Priyanka Upendra: Incident Response and Forensics for Connected Medical Devices

Investigating medical device incidents is tedious, time consuming, and involves multiple stakeholders. “Medical device cybersecurity” incidents, on the other hand, can be a mind-boggling and costly affair! The Ponemon Institute stated in a 2020 report that organizations spend an average of $3.86 million recovering from cybersecurity attacks. This includes costs associated with incident detection, lost business, breach notification, legal fees, and recovery.

Incident response comprises activities that allow the healthcare delivery organization (HDO) to respond to crises and mitigate immediate threats to minimize service interruption. Forensic analysis includes detecting, investigating, documenting, and assessing the incident against violation of internal standards, processes, laws, and regulations.

Critical components of incident response are:

  1. HDO cybersecurity policy alignment. Review HDO cybersecurity policies and enforce them for connected medical devices. This will facilitate a thorough review of events, incidents, and any policy violations.
  2. Detection of suspicious activity. HDOs using a passive network monitoring solution should prioritize identifying ports, applications, services, and internal/external communications for a connected medical device. Passive monitoring can help look for behavioral patterns that indicate an active or attempted breach or risk. HDOs should also have the ability to set searches for key events in their network which might indicate that their policies are being violated. Custom policies that match the specific constraints of the network can be more difficult for an attacker to evade than generic rules to catch suspicious activity.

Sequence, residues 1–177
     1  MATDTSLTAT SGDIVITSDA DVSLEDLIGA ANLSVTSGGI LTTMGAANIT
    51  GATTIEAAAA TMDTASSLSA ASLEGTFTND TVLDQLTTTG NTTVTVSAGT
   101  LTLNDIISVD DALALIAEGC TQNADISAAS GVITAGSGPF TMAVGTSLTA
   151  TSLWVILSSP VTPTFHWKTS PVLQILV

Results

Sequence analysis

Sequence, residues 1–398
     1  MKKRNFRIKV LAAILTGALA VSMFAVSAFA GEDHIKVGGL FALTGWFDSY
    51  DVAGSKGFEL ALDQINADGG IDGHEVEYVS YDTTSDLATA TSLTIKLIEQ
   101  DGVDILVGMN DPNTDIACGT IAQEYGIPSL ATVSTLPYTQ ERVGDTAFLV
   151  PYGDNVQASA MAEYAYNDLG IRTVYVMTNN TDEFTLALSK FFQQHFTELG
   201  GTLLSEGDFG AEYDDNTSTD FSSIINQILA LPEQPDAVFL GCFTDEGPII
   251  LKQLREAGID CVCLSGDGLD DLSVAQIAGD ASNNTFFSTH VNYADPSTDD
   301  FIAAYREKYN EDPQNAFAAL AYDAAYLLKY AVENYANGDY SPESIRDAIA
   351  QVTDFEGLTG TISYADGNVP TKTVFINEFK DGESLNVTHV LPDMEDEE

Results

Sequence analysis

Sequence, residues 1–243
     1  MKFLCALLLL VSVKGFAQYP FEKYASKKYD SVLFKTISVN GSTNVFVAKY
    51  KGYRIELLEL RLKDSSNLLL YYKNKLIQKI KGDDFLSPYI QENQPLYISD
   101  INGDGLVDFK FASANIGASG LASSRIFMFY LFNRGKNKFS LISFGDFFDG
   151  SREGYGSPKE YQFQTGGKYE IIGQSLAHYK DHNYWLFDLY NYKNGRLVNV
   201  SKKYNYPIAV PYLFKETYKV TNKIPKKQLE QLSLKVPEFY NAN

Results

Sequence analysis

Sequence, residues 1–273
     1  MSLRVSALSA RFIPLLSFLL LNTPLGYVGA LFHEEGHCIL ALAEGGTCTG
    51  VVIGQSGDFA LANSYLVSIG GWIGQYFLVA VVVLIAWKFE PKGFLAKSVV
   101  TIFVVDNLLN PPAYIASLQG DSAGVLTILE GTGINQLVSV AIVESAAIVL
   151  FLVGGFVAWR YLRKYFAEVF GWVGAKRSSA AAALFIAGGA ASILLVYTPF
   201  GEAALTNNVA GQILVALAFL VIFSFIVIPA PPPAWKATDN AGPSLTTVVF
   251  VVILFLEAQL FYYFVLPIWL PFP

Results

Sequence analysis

3. Investigation of the activity. HTM and cybersecurity teams should work together to acquire and evaluate any evidence to determine the threat and its cause. Evaluating inbound/outbound data streams will be useful to review any unexpected connections or services running on the medical device.
  4. Ability to Response to an Incident. Once an event is detected, cybersecurity should have the ability to take appropriate actions on the network to isolate the problem and prevent it from spreading.
  5. Forensic and retrospective analysis. Evidence of suspicious activity may include system logs, network logs, error messages, alerts, alarms, etc. to determine the scope and impact of the activity. Packet captures of devices that behave unusually will help analyze suspicious activity. In many cases, the medical device manufacturer (MDM) is sought to retrieve system logs due to lack of access for HTM.
  6. Processes and procedures. Cybersecurity practices that define and standardize incident response and forensic analysis should be followed for medical device cybersecurity incidents. This will also apply for record retention following an incident or suspicious activity.
  7. Tabletop exercises. Adopting a people, process, technology approach will solidify incident response. Tabletop exercises will help clarify and better define roles and responsibilities for incident response.

For connected medical devices, both incident response and forensic analysis is challenging as HTMs may not be able to adopt traditional cybersecurity practices. Tracking network activity, collecting system logs, and discovering inbound-outbound data streams does not come easy! However, having the capability to track network activity, enforce network monitoring policies, and retrieve these network logs will allow HDOs to manage and mitigate threats proactively and with minimal impact.

Priyanka Upendra, MS, CHTM, AAMIF is a Senior Director of Customer Success at Asimily. She is the president of the American College of Clinical Engineering and a member of AAMI’s Technology Management Executive Council and Publications Editorial Board.

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